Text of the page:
- Stage 8 doubles the frequency of stage 4, meaning Eskom will shed 8 000MW and residents will be in the dark up to six times a day, or 12 hours depending on the schedule
What will be affected by load shedding?
The following may not be available when the electricity supply at your accommodation is switched off:
- Electric geysers and electrically heated water supplies
- Gas hot water systems that rely on mains power to control the system or ignite the gas
- Electric appliances such as stoves, kettles, toasters, microwave ovens, refrigerators, dishwashers, washing machines and tumble dryers
- Electric lights
- TV and hi-fi equipment
- Cordless phones, fax machines and answering machines that run on electricity
- Electrically motorised security gates and garage doors (those with battery backup should have sufficient capacity to operate a few times during load shedding)
- Pool pumps
- Personal computers
- Electric air conditioning
- Mains-powered electric clocks and alarm clocks (without backup batteries)
- Household electric pumps for water features, irrigation or plumbing systems
- Automatic electronic control systems and time clocks
What is usually not affected by load shedding?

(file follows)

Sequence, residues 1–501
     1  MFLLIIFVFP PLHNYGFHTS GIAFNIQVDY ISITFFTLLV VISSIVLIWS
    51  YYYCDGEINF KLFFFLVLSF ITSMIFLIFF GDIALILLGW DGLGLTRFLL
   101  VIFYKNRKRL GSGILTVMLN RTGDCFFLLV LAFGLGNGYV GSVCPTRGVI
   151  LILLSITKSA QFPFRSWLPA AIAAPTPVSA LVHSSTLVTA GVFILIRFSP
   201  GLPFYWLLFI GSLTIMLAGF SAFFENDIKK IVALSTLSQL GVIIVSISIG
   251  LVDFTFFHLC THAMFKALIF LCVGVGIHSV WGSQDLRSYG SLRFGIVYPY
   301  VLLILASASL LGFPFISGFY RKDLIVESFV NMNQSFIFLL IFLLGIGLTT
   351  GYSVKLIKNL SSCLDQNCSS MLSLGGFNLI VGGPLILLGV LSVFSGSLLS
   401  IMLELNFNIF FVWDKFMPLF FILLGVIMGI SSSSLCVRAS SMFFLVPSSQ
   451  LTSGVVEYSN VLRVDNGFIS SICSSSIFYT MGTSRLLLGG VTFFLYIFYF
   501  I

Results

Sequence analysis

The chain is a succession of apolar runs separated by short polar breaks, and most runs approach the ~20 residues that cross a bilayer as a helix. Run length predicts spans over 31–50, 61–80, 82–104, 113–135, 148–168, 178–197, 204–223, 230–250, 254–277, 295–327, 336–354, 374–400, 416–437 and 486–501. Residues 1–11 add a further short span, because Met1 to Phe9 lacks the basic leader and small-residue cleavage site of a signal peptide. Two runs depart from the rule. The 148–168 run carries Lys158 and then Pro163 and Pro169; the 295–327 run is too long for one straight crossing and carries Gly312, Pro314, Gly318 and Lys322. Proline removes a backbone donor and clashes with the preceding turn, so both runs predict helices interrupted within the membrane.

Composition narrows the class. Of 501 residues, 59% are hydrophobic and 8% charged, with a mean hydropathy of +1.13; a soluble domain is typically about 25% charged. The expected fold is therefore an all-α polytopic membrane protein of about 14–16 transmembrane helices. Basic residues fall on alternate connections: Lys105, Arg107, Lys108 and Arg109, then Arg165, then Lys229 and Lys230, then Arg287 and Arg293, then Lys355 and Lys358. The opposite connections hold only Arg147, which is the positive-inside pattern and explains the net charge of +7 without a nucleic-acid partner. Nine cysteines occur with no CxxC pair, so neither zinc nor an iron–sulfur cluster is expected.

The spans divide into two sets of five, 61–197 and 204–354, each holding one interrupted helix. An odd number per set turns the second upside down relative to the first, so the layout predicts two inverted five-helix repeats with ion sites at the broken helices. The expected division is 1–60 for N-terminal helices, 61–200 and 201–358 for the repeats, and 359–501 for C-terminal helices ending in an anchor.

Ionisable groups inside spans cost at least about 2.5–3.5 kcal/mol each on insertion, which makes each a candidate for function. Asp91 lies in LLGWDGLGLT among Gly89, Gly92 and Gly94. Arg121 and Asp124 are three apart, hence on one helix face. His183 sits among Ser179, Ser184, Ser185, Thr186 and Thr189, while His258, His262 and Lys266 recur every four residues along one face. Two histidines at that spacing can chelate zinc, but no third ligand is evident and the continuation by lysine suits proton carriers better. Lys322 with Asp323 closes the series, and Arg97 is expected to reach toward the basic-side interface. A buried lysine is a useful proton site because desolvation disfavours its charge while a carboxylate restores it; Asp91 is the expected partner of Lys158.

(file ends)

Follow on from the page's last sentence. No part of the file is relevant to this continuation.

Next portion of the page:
Generally speaking, the following will continue to operate despite load shedding:
- Security systems that have battery backup (some may trigger an alarm because of the power interruption)
- Other electronic systems and devices with battery backup or UPS support
- Telephones that do not rely on mains electricity
- Cell phones
- Laptops and tablets
Where can I find out if my area is being load shed?
Your accommodation establishment should have the necessary information on hand to advise when load shedding is scheduled to take place.
If the municipality you are staying in is an Eskom customer, you can also look up your schedule on the Eskom website by typing in the area. Information is also available from the Eskom Contact Centre on 086 003 7566.
If you have a smartphone with data, you can also download such apps as EskomSePush and MyEskom (available on both the Apple iStore and Google Play Store). These will give you continuous updates on current and forecast load shedding times in any areas you select, as well as what stage load shedding is underway.